Heart disease is the number one cause of death in Europe and early diagnosis is essential to save lives. Sixty million men alone aged 50 years and above are at risk of developing the disease. Monitoring the heart's rhythm and electrical activity in real time using an electrocardiogram (ECG) provides vital information about abnormalities and gives clues to the nature of a problem. Some cardiac conditions need long-term monitoring - inconvenient for a patient as it requires him to be away from his everyday environment for indeterminate periods of time. Additionally, most ECG monitors are designed for use by trained medical staff in a specially equipped hospital environment. Portable ECG machines are available, but the data collected have to be delivered to the hospital for processing and interpretation.
Six years ago, Latvian company Integris Ltd, a specialist in the development of mobile wireless telemedicine ECG recording devices, came up with the concept of an inexpensive, real-time heart activity monitor for personal use. Initially, the wireless technologies available were not a practical option for the device Integris had in mind, but when hybrid chips came onto the market EUREKA project E! 3489 HEART GUARD was born.
The HEART GUARD system comprises a lightweight, simple to use, matchbox-size device with five electrodes that are strategically placed on the wearer's chest. The wireless device transmits data in real time directly to the patient's pocket computer or desktop PC for instant interpretation by the system's unique software. The low-cost device is discreet enough to be worn 24 hours a day, recording, analysing and reporting not only the rhythm and electrical activity of a patient's heart but also his physical activity and body positions, as he goes about his daily life.
If HEART GUARD detects a problem it alerts the patient to check his PC for further information and advice. At the very least, the device will help to manage his condition - and it could even save his life.
Integris Ltd, Latvia
HEART GUARD uses a simple green-amber-red traffic light system to keep the wearer informed about the status of his condition. Green denotes everything is normal; amber that he should be careful and keep monitoring his heart activity; red that there is some cause for concern and he should either rest, take prescribed medication or see his doctor. Depending on the nature of his condition, the wearer is given tailored instructions for a number of possible scenarios.
"Effectively, it is an early warning system," explains Juris Lauznis, Director of Integris, the project's lead partner. "If HEART GUARD detects a problem the patient is alerted by means of vibration or a buzzer, prompting him to check his PC for further information and advice. At the very least, the device will help to monitor and manage his condition – and it could even save his life."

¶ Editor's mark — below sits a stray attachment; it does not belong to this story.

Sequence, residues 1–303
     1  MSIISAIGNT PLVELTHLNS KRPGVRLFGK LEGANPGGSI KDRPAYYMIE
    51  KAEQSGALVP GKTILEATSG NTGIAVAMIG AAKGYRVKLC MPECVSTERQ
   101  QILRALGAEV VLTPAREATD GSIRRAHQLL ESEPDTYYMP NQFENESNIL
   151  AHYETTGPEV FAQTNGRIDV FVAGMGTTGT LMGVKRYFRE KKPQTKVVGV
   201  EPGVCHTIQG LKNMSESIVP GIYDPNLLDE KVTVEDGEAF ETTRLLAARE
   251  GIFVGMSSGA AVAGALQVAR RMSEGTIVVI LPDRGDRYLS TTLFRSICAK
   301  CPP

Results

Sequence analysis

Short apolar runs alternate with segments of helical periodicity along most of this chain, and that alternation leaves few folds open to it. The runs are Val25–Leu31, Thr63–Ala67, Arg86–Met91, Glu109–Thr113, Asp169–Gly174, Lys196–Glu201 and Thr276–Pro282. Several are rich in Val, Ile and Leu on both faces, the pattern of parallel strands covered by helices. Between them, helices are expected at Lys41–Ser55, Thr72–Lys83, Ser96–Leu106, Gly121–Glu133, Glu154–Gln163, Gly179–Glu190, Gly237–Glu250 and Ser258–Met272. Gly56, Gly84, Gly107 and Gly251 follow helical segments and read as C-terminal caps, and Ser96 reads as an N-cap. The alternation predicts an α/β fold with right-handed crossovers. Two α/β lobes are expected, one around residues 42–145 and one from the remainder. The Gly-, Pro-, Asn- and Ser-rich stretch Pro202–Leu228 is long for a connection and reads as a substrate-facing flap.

Working with Integris on the design and development of the system hardware and software were Lithuanian company UAB Kardiosignalas and Riga Technical University's Institute of Automation, Computer Engineering and Control. Developing the unique real-time analysis and decision-making software proved quite a challenge, and expertise was provided by the three other project partners, the Institute of Cardiology of Kaunas Medical University, the Lithuania Academy of Physical Education and the Research Institute of Cardiology, University of Latvia. They advised on the range of coronary heart diseases requiring long-term, real-time monitoring – angina and myocardial infarction, for example – and therefore most suited for monitoring by HEART GUARD's automatic recognition and analysis software.
The partners faced other practical challenges in the project's early stages of development, according to Juris Lauznis. "Ensuring that data could be transmitted reliably was paramount. We also had to work on reducing the power consumption of the battery-operated device – we had originally envisaged using a battery that gives 24 hours of power, but this proved too heavy. However, because the device will be relatively inexpensive it is very feasible for a patient to have two systems and keep one on charge."
The device employs a simple green-amber-red traffic light system to keep the wearer informed about the status of his condition. Depending on the nature of an abnormality, the wearer is given tailored instructions for a number of possible scenarios.
Integris Ltd, Latvia
Currently HEART GUARD is being developed for home use only, with the patient monitoring his own condition and only contacting his doctor or hospital if the system identifies a cause for concern. Subject to obtaining the necessary funding, the project partners' longer-term plan is to set up commercial monitoring centres which would monitor patients remotely and alert them by text or telephone if there is an abnormality in the data transmitted to them.
In the meantime, HEART GUARD has applications in a number of other areas, including telemedicine, sports medicine, patient rehabilitation following cardiac surgery or a heart attack and as a low-cost ECG monitoring system in hospitals and clinics with limited budgets. Additionally, the technology is applicable to other situations in which wireless heart monitoring could be an advantage, such as monitoring elderly or disabled people and in intelligent cardio-synchronising or electro-stimulating systems.
With the 30-month project completed and clinical trials of the prototype successfully concluded by Kaunas Medical University's Institute of Cardiology, the Lithuania Academy of Physical Education and the Research Institute of Cardiology at the University of Latvia, the next steps are to satisfy the EU's strict compliance requirements for medical devices and then source a company to manufacture and distribute the system. If successful, the first commercial HEART GUARD devices could be on the market and saving lives by the end of 2008 or early 2009.